The effect of competition on process and outcome quality of hospital care: An empirical analysis for the Netherlands
Effecten concurrentie tussen ziekenhuizen vooralsnog beperkt
The paper focuses on the relationship between competition and quality in the Dutch hospital sector. We analyse the period of 2004-2008, in which a healthcare reform took place in the Netherlands, introducing competition in the healthcare sector.
The increased attention to hospital quality and its growing importance in a new institutional environment have resulted in a gradual increase of the voluntary disclosure of quality indicators by Dutch hospitals. We use panel data on Dutch general and academic hospitals in 2004-2008, including both process indicators (e.g., share of operation cancellations on short notice and share of diagnoses within 5 days) and outcome indicators (e.g., mortality rates) of hospital quality.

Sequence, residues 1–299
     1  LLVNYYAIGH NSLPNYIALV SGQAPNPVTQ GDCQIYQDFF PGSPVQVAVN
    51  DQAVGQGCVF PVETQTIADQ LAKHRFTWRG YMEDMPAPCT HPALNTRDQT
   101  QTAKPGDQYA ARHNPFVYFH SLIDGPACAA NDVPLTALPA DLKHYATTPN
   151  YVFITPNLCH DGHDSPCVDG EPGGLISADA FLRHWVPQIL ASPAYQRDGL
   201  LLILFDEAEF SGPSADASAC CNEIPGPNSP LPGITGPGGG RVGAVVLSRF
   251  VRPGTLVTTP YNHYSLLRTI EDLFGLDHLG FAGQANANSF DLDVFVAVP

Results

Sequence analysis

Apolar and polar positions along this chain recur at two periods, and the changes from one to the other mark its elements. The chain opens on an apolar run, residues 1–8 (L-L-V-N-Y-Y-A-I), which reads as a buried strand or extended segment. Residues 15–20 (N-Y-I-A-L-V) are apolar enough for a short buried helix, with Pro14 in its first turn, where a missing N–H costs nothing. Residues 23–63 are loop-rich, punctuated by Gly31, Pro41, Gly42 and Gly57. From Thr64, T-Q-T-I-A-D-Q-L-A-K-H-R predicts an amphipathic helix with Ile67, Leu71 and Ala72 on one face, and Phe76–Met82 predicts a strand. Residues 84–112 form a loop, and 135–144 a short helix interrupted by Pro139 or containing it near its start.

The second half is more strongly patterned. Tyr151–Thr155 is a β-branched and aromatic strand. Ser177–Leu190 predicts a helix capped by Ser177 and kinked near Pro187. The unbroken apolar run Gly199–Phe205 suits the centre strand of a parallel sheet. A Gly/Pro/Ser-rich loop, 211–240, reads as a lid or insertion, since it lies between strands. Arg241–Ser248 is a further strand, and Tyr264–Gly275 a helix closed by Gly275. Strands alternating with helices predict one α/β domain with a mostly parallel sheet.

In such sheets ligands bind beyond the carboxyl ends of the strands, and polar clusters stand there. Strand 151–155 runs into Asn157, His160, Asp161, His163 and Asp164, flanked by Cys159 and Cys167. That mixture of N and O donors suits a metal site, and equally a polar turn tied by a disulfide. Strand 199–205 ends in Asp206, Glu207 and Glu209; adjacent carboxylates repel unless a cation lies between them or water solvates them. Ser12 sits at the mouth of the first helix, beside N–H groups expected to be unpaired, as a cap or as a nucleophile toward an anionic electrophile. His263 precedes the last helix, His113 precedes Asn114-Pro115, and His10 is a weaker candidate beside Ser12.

We take the correlation between the disclosure decision and the level of the disclosed quality indicators explicitly into account by estimating a bivariate model. We find that competition explains differences in performance on process indicators, but not on outcome indicators.